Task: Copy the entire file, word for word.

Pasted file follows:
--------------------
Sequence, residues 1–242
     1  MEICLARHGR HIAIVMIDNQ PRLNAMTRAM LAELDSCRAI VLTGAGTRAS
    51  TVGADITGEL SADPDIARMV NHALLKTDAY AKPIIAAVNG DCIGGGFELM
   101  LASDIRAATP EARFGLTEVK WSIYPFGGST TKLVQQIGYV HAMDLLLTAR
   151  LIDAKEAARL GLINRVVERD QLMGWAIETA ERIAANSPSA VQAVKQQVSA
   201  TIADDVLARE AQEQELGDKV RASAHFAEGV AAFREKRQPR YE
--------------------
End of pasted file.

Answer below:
Sequence, residues 1–242
     1  MEICLARHGR HIAIVMIDNQ PRLNAMTRAM LAELDSCRAI VLTGAGTRAS
    51  TVGADITGEL SADPDIARMV NHALLKTDAY AKPIIAAVNG DCIGGGFELM
   101  LASDIRAATP EARFGLTEVK WSIYPFGGST TKLVQQIGYV HAMDLLLTAR
   151  LIDAKEAARL GLINRVVERD QLMGWAIETA ERIAANSPSA VQAVKQQVSA
   201  TIADDVLARE AQEQELGDKV RASAHFAEGV AAFREKRQPR YE